Scott Idiart noted that the highlight of the experience, in my opinion, was seeing the Court operate during a contentious case. From Commission lawyers statements to party and expert witness testimony to Court judges questions, we were able to witness the confluence of the Inter-American System and the role each party plays in the pursuit of justice. That the sessions took place in Colombia, a country with a renewed emphasis on human rights, only added to the memorable experience of seeing the Inter-American System in action.
Scott Idiart and Amanda Snyder inMedelln, Colombia
On March 11 and 12, IHRC students Scott Idiart (3L) and Jaqueline Ramirez (2L) traveled to Washington D.C. with clinical fellow, Britton Schwartz, to interview clients and attend the Inter-American Commission on Human Rights thematic hearings on human rights violations in Peru. During the course of the semester, IHRC students have been investigating the situation of human rights defenders in Peru and the threats these defenders face because of their work. The clinic is working on preparing an amicus curiae brief in support of the right to freedom of expression within the context of the criminalization of social protest in Peru.
Jaqueline Ramirez mentioned that this opportunity really allowed [her] to see the actual work that human rights attorneys do. Scott Idiart had this to say about his experience: We witnessed the unique role of an international human rights body playing the mediator between the State and the individual to ensure that international norms are upheld. In short, we saw where our Clinic work fits in the human rights community and how we as students will someday fit as human rights lawyers. It was an incredible experience.
From left to right: Scott Idiart, Jaqueline Ramirez, Britton Schwartz
From left to right: David Velasco (FEDEPAZ), Britton Schwartz, Mar Perez (Coordinadora Nacional de Derechos Humanos), Ofelia Vargas (Grufides), Mirtha Vasquez (Grufides), Pablo Sanchez (Grufides), Rocio Silva Santisteban (Coordinadora Nacional de Derechos Humanos), Scott Idiart.
Over spring break, IHRC students Cristina Figueroa-Cortes, Gloria Lee, Elizabeth Maushart, April Peth, and Jayna Sutherland traveled to Kingston, Jamaica with clinic director, Francisco J. Rivera Juaristi. The students interviewed members of the religious community, government officials, academics, and non-governmental organizations on issues regarding the treatment of members of the LGBTI community in Jamaica.
The students will use the information obtained from these interviews to write an amicus curiae brief. The brief will lend support to a petition filed before the Inter-American Commission on Human Rights that seeks to establish the international responsibility of Jamaica for both conduct and laws that discriminate on the basis of sexual orientation and gender identity. Among other problems, Jamaican homosexual men are often brutally beaten simply because of their sexual orientation, and the state authorities are either complicit in these abuses or turn a blind eye to them.
Elizabeth Maushart stated that the interview experience in Jamaica was a rich and worthwhile opportunity. It illuminated the reality of Jamaican society and its general treatment of homosexuality. April Peth reported that the trip allowed for the students to get an accurate idea of the type and degree of discrimination members of the LGBTI community face in Jamaica, as well as the legal, institutional, and societal changes that are needed to put an end to such discrimination.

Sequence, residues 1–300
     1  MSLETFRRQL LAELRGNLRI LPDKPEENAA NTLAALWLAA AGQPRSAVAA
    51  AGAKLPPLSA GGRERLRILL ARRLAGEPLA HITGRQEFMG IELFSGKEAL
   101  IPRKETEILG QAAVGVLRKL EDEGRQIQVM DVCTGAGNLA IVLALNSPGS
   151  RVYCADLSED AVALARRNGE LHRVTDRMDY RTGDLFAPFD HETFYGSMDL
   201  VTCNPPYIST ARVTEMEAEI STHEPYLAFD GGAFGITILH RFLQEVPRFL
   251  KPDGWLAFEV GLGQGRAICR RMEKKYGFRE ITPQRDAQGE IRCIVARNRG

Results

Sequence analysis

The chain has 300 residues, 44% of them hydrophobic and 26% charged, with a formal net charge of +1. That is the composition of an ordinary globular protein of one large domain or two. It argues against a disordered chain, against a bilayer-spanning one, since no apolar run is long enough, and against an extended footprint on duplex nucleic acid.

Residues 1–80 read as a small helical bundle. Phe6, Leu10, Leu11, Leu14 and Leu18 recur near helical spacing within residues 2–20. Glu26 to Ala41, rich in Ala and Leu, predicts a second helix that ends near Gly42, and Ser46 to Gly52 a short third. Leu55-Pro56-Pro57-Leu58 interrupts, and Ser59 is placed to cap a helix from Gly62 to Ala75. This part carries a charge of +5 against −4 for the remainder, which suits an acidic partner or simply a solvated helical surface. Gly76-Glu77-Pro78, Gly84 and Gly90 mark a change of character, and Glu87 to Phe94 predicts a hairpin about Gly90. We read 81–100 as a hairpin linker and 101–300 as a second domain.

From left to right: Jayna Sutherland, April Peth,
Elizabeth Maushart,and Gloria Lee
This week, our International Human Rights Clinic signed-on to a letter to OAS Ambassador Lomellin and Alternative Representative Owen, providing input on the criteria that the U.S. should use to nominate a new human rights expert to serve as a commissioner on the Inter-American Commission on Human Rights (IACHR or Commission). The letter encourages the U.S. to solicit input from the civil society and provide greater transparency during the selection process.
The letter also suggests that the U.S. demonstrate its support for the IACHR by developing a stronger record of compliance with IACHR findings and recommendations and sustaining efforts to raise awareness of the valuable role the Commission plays in protecting human rights in the United States and throughout the region.
The letter suggests that the U.S. take the following criteria into consideration in nominating a new human rights expert to serve as a Commissioner on the IACHR:
- Knowledge of Latin America and the Caribbean;
- Familiarity with the Inter-American system;
- Language ability, specifically in the Spanish language;
- Management skills;
- Time commitment;
- Independent, knowledgeable and well-respected human rights advocate;
- International legal background;
- Ability to navigate political sensitivities; and
- Respect for a victim-centered approach to human rights concerns.
The joint letter can be downloaded here.
In November 2012, Santa Clara University’s International Human Rights Clinic sent a letter to Ambassador Carmen Lomellin, Permanent Representative of the U.S. before the Organization of American States, on behalf of 27 individuals and organizations, expressing our support for the autonomy and independence of the Inter-American Commission and suggesting a number of recommendations regarding the role the U.S. should play within the current reform processof the Inter-American Human Rights System.
In February 2013, Ambassador Lomellin responded to our letter, addressing the following issues:
- U.S. support for an independent and autonomous Commission;
- the “robust” participation of the U.S. in Commission hearings and working meetings;
- the U.S. lack of ratification of the American Convention on Human Rights;
- that the U.S. is “subject” to the Commission’s “authority” by virtue of the American Declaration of the Rights and Duties of Man;